In Box

Smart Mob Rule

What began as a way to quickly spread travel directions to demonstrators is fast becoming a global phenomenon. "Smart mobs," as cyberspace theorist Howard Rheingold calls these electronic gaggles, are groups of strangers that use the Internet and instant-messaging technologies to enhance their coordination capabilities and form ad hoc social networks (www.smartmobs.com). In 2001, smart ...

What began as a way to quickly spread travel directions to demonstrators is fast becoming a global phenomenon. "Smart mobs," as cyberspace theorist Howard Rheingold calls these electronic gaggles, are groups of strangers that use the Internet and instant-messaging technologies to enhance their coordination capabilities and form ad hoc social networks (www.smartmobs.com). In 2001, smart mobs made headlines by using cellular technology to bring down Filipino President Joseph Estrada. Demonstrators used forwarded text messages to set up protests and reorganize after being routed by police.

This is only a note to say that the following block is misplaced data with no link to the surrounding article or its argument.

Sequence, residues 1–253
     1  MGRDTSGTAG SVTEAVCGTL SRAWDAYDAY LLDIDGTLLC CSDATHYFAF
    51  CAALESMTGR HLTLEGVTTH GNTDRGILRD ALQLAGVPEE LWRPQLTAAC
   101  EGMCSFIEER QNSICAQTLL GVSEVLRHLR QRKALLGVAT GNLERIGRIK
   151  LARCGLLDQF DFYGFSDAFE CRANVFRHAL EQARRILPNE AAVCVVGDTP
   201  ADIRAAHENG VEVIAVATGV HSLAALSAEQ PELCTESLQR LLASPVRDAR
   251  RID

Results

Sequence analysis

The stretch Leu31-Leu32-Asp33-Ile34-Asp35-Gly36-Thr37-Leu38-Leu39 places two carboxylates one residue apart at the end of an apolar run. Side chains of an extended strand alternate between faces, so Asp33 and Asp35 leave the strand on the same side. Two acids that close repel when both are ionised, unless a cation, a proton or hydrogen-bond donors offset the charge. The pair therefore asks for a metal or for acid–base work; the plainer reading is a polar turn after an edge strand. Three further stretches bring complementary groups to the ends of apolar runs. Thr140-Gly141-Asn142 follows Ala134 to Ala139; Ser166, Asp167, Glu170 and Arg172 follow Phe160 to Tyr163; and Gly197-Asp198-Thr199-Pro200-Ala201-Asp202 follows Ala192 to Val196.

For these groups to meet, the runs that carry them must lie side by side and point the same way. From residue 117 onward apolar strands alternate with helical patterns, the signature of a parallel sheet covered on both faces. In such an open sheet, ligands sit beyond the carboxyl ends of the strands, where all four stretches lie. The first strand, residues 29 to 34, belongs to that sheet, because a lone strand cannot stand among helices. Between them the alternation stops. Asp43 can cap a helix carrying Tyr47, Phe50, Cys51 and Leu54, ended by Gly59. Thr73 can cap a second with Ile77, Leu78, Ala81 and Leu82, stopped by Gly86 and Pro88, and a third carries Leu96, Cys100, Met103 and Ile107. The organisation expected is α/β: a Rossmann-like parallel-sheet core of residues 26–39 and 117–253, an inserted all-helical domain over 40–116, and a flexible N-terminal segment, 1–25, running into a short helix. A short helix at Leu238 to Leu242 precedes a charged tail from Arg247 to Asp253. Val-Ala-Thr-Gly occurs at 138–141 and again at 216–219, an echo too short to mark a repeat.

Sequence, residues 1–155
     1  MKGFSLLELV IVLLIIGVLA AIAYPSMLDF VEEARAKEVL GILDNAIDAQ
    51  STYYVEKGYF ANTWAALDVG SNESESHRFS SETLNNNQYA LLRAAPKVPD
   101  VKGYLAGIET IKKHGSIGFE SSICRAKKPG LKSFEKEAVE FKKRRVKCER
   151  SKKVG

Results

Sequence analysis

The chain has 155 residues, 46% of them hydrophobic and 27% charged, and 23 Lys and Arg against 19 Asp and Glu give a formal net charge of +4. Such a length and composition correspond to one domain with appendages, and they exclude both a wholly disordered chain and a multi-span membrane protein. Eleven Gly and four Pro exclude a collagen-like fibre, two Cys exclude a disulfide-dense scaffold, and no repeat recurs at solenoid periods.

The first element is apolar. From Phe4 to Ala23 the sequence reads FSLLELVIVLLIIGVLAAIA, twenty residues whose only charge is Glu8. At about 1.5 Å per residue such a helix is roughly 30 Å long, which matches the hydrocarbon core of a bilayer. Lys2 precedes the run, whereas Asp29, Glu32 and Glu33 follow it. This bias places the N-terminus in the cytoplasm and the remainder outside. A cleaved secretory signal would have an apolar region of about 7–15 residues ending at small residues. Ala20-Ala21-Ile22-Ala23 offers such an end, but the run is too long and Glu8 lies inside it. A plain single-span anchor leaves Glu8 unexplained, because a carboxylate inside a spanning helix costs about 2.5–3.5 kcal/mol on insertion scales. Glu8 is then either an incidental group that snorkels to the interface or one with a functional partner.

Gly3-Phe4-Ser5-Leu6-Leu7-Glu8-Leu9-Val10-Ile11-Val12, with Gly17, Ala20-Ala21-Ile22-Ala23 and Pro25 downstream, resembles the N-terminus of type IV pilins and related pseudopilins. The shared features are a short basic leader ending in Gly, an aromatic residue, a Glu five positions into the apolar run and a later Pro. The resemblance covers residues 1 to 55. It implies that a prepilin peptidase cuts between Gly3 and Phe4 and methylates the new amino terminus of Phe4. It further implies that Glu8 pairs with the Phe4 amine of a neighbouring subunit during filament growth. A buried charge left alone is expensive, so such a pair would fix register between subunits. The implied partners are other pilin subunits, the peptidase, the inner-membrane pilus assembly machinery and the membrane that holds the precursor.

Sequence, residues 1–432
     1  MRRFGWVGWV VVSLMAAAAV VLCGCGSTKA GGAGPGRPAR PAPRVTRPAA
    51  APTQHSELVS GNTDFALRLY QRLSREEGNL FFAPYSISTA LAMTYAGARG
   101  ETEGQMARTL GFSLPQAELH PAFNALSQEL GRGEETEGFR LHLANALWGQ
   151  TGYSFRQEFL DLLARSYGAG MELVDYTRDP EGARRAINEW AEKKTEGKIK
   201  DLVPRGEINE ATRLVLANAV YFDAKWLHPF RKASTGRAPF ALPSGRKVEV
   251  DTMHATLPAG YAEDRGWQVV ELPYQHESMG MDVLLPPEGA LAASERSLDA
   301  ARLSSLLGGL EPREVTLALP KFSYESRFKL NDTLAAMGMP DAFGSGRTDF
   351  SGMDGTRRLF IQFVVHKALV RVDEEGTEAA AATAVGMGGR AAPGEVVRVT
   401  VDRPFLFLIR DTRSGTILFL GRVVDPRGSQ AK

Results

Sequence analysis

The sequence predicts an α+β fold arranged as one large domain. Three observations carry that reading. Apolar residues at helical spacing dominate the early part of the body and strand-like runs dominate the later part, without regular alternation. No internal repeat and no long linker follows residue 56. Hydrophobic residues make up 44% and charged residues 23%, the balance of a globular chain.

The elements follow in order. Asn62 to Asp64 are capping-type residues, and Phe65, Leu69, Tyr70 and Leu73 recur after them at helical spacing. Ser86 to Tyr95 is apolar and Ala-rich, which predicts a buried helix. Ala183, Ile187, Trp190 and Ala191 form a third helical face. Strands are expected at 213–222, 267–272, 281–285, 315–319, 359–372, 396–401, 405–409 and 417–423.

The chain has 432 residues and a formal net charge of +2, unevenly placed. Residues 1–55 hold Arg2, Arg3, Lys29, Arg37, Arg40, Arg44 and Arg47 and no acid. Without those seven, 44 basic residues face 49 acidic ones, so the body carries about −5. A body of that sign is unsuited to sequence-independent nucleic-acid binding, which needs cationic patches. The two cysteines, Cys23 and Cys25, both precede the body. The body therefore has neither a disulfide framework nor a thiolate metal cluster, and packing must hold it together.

But smart mobs aren’t necessarily anarchistic, fly-by-night operations. Some are trying to become real social communities. Consider the two-year-old Finnish art, science, and technology cooperative Aula (www.aula.cc). Aula founder Jyri Engestrom says it is "using digital technology to enhance community building in the… physical world." Among its initiatives is the so-called Hunaja Project, where Aula members wear miniature radio beacons, or "radio tags," to create a wireless network members can use to find and communicate with one another.

At least one group is trying to turn a virtual community into a real one. The U.S.-based Free State Project (www.freestateproject.org) is a self-proclaimed "co-ordinating mechanism… for pro-liberty resources," founded by Yale Ph.D. candidate Jason Sorens in 2001. Sorens believes a critical mass of 20,000 like-minded individuals is enough to form a new state government around libertarian principles — reducing the size and scope of government to a bare minimum. Instead of recruiting members at antiwar rallies or other gatherings, Sorens created an online meeting space, where he asks people to sign a contract pledging they will move to a new community that will be formed within a single U.S. state once 20,000 members are on board. Almost 3,000 people have signed up so far. If Sorens is successful, Free State members have five years to move to their new home, where they will usher in a new era of smart mob rule.

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